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The chip shortage headline has been the dominant one in the automotive industry all year — and even though the year is coming to a close, the inventory challenges caused by this supply chain disruption are far from over.
Cox Automotive conducted research* in August to understand how the chip shortage is impacting car buyer behavior, now that awareness of the issue is more widespread. We compared this recent research to the research done back in April, as chip shortage impacts were first realized.
What the latest consumer research reveals about chip shortage buying behavior:
People are still willing to pay above MSRP.
More car buyers are delaying their vehicle purchase due to the chip shortage.
48% of in-market shoppers are likely to postpone, compared to 37% in April. Among those who are likely to postpone their purchase, about half would delay their purchase by six months or less. More of those who are not postponing (aka they’re ready to purchase now!) are likely to switch brands, categories or from a new to a used vehicle. It’s safe to say these consumers want a car sooner than later and are willing to compromise on what they originally planned. The reality is it’s not going back to what we’re familiar with or what we knew as “normal” any time soon. It’s going to be years, not months. Those delaying may realize that this isn’t short term, and will have to swallow the hard pill and pay the increased rate.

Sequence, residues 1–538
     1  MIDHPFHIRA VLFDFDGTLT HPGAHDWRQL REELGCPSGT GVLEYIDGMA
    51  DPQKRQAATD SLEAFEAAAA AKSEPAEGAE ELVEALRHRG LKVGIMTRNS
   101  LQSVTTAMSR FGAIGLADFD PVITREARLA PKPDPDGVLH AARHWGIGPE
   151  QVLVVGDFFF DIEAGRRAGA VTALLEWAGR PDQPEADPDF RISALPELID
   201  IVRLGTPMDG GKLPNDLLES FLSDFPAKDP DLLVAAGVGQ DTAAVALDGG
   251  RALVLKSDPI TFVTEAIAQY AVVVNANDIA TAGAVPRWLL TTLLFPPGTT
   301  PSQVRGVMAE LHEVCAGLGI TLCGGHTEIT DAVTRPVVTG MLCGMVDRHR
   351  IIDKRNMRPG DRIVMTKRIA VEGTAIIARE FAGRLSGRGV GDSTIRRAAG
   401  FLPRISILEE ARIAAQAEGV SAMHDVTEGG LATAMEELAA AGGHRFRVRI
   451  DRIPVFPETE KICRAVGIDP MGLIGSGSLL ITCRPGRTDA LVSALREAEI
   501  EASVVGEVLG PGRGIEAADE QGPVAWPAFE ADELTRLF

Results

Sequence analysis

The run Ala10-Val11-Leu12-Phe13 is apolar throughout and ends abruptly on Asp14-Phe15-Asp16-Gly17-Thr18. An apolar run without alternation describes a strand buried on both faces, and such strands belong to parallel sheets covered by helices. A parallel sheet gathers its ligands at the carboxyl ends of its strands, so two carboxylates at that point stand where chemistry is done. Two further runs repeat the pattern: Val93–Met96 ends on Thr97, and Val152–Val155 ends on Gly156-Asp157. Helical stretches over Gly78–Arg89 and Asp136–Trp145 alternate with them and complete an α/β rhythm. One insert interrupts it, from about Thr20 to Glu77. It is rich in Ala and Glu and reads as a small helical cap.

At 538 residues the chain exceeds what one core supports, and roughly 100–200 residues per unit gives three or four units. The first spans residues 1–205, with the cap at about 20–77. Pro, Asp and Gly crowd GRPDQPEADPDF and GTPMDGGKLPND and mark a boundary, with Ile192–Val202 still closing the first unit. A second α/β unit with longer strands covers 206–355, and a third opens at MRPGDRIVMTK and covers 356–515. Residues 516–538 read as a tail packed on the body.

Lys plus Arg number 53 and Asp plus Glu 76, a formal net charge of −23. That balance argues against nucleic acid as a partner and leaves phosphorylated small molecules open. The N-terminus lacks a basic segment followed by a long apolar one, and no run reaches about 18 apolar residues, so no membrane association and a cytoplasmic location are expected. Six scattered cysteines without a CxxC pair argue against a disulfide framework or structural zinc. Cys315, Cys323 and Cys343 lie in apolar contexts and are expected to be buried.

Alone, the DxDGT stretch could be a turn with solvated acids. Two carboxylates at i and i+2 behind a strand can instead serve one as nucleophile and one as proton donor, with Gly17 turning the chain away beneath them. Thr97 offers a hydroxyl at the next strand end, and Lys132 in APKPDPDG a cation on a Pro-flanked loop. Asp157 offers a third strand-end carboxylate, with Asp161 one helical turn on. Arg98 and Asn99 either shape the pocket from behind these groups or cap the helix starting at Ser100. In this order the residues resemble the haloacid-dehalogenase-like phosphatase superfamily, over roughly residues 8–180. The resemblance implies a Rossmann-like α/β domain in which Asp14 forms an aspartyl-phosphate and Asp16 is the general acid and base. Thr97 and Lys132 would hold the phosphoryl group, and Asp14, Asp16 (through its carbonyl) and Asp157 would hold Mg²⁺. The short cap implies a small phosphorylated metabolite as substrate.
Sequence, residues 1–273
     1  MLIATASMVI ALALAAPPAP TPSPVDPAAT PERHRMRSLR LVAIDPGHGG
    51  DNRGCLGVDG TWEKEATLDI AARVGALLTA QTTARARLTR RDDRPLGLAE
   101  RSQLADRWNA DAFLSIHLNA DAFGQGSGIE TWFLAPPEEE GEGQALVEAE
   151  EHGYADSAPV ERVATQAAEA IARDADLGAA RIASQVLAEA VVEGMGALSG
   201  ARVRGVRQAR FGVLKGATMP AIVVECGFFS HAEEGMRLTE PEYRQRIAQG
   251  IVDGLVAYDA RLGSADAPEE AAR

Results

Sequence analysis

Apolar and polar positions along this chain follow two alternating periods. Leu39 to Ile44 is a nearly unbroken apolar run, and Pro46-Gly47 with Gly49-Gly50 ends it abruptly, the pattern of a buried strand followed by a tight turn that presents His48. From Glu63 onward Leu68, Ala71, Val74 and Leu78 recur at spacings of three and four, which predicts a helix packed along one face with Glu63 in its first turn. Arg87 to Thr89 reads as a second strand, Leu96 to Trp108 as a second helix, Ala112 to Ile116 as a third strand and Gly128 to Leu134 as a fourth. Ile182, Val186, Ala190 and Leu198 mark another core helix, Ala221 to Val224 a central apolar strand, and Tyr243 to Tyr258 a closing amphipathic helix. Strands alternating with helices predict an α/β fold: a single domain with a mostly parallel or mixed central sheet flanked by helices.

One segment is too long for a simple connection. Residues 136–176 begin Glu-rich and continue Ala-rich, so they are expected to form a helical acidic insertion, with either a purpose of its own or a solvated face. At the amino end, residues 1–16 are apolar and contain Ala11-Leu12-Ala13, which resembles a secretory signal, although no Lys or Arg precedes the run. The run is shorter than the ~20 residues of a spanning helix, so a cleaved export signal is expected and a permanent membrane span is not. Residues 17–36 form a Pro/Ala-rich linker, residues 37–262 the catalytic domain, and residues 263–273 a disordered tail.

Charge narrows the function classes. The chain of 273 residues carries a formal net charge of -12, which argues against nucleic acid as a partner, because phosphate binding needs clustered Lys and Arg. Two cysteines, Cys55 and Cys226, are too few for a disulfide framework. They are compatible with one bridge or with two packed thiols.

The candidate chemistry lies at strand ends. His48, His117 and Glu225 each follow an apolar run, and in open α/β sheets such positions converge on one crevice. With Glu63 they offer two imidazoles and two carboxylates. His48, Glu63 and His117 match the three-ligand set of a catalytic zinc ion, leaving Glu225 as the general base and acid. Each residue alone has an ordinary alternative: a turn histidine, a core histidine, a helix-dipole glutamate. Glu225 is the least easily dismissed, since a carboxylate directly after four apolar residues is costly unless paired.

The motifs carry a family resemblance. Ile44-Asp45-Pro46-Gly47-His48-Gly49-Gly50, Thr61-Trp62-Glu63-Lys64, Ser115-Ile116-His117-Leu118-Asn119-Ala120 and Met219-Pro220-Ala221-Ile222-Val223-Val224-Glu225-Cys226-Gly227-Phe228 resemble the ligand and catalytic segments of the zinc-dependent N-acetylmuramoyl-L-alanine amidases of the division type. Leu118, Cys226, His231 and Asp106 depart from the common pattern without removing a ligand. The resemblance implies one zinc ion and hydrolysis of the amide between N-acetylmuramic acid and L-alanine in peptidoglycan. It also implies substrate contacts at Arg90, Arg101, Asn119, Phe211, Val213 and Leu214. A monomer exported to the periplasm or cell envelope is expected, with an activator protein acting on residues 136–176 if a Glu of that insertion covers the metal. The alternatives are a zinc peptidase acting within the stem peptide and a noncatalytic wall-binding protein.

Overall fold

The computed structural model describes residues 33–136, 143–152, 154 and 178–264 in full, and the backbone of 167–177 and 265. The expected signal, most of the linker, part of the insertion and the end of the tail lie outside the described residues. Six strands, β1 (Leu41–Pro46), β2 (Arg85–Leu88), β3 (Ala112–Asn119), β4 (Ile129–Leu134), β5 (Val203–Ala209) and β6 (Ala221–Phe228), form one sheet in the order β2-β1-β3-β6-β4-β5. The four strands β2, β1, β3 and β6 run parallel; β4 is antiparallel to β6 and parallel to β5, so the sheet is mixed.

Car buyers are willing to drive outside of their local area for a vehicle.
Three-quarters of shoppers are willing to drive 50-200 miles for the right vehicle, but less likely to drive more than 200 miles away from home. Dealers can take advantage of this insight by leveraging Autotrader’s Market Extension; select markets outside your own to show your listings and capitalize on this shift in car buyer behavior. As consumers are willing to travel more, DMA lines become blurred. It’s less about geography and more about the shoppers. We can help match your VIN to the shopper shopping for it, regardless of dealers’ location. Learn more about Market Extension.
Most car buyers still anticipate negative impacts as a result of the chip shortage.
From increased prices to inventory shortages and longer delivery times, most consumers recognize the effects of the chip shortage on the car buying process — and expect that the trends will continue. 76% believe that all vehicle brands will be impacted, and 61% expect less favorable deals or incentives from dealers. We’ve seen an increased number of consumers ordering direct from manufacturers. Rather than find their car, they order it new, waiting a few months for delivery. As a result, progressive dealers have started merchandising that option. It’s an option that allows them to serve a customer, rather than losing them to a competitor.
Now that we understand how the chip shortage is impacting car buyer behavior, we can help you shift your strategy to reach the right customers to drive quality traffic and revenue. Whether you’re exploring how to enhance your digital curb appeal, rethink Certified Pre-Owned (CPO) or lean into service and repair as a long-term revenue stream, we’re here to help.
*Cox Automotive Research & Market Intelligence – Automotive Chip Shortage Consumer Perspective Wave 2